Last time I covered recommended tests to acquire before engaging in any testosterone-boosting protocol. As important as testosterone is, it is one of many hormones that need to be addressed for comprehensive hormone optimization. Here are the other important hormones to test.
- Thyroid hormones (TSH, T3, T4)
- Growth Hormone (IGF-1)
Pregnenolone is a master control hormone manufactured by the adrenal gland and the brain. It’s the mother of all sex hormones and adrenal hormones. Generally, if you have low pregnenolone levels you will likely have depleted levels of DHEA and testosterone levels as well. Also, according to hormone optimization expert Dr. Mark Gordon if you’re on testosterone replacement therapy you need to replace DHEA and pregnenolone as testosterone replacement can down-regulate the production of the precursors. This is why many on TRT feel great for a few months then the benefits seem to dissipate. Avoid this mistake by replacing pregnenolone and DHEA as well.
Pregnenolone is the most prolific hormone in the brain and is crucial for focus, memory, and brain health. Anti-aging expert Dr. Hertoghe states Pregnenolone’s concentration in the brain is seventy-five times higher than in the blood. If you have a difficult time focusing and find your memory is declining then you need to test your pregnenolone levels as soon as possible as it could be one if not the primary reason for your cognitive issues.
Next, Dehydroepiandrosterone (DHEA) is an adrenal hormone and the ultimate stress management hormone. It supports a healthy immune system, adrenal health, and insulin sensitivity, mitigates metabolic syndrome, improves bone health, and keeps excess stress hormones (cortisol) in check.
DHEA and cortisol have an inverse relationship. When your cortisol levels are high DHEA levels are low. You may go through a period where you have high levels of both but eventually, you will crash and have depleted DHEA production and excess cortisol levels. To make matters worse the excess cortisol level can be heightened at night which in turn impedes sleep quality. You end up waking up tired, being tired all day, and then getting a burst of cortisol at night so you’re wired and can’t fall asleep. Many people in this situation will over-consume caffeine which makes matters worse as caffeine increases cortisol.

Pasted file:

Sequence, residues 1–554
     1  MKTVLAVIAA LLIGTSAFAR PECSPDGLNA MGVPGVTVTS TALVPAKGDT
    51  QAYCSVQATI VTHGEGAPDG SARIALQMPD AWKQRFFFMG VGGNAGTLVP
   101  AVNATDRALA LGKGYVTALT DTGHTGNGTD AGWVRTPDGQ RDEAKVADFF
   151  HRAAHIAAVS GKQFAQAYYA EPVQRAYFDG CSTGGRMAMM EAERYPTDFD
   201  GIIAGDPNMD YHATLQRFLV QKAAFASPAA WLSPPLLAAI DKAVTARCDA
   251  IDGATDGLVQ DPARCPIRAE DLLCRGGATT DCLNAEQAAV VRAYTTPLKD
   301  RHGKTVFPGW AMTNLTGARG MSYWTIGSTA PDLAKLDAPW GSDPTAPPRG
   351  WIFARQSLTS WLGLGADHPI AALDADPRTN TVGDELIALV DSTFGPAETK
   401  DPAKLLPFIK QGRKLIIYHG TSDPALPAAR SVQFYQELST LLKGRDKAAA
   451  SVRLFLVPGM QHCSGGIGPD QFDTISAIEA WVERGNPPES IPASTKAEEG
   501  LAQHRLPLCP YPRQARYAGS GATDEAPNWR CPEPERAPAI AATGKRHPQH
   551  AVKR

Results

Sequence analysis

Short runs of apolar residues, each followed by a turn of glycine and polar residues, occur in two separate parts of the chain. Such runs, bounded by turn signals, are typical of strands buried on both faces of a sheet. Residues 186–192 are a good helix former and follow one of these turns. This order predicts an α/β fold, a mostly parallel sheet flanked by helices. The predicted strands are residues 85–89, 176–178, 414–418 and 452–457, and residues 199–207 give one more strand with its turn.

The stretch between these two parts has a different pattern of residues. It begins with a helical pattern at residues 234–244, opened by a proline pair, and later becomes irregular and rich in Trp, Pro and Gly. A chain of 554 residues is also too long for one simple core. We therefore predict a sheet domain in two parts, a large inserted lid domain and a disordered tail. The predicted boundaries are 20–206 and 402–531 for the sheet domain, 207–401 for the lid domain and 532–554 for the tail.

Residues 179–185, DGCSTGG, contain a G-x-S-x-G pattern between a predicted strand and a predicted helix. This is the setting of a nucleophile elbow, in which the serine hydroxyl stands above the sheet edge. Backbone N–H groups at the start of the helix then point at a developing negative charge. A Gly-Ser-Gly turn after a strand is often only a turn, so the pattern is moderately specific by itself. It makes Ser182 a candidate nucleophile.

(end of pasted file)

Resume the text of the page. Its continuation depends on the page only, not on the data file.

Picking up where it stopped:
Elite strength coach Charles Poliquin states an optimal DHEA level is an important measurement of being anabolic. DHEA is testosterone’s big brother and protects it from the ravages of excess cortisol. When DHEA levels are optimal you’re more likely to have ideal levels of testosterone. When DHEA levels are low, excess cortisol will cause testosterone levels to plummet.
Thyroid hormones are crucial for energy and not just energy for fat loss but overall energy for the production of hormones. If you have low thyroid levels you will most certainly have depleted levels of important sex hormones. Thyroid hormones boost metabolic rate, increases blood circulation which delivers nutrients, oxygen, water, and hormones to cells all over the body. These hormones help keep the body warm and muscles and joints healthy and pain-free.
These crucial hormones are made by the thyroid at the base of the neck. Production is 90% T4 Thyroxine and only 10% active T3 triiodothyronine. The pituitary gland in the brain starts the process by releasing TSH (thyroid stimulating hormone). Some T4 is then converted into the more bioactive T3 (3-5 times as active). T3 helps every cell in the body produce the energy molecule ATP. Ideal thyroid hormone levels are crucial for the brain, heart, kidneys, digestive and strong immunity. They also assist in eliminating cholesterol which helps open up the arteries and improves blood pressure.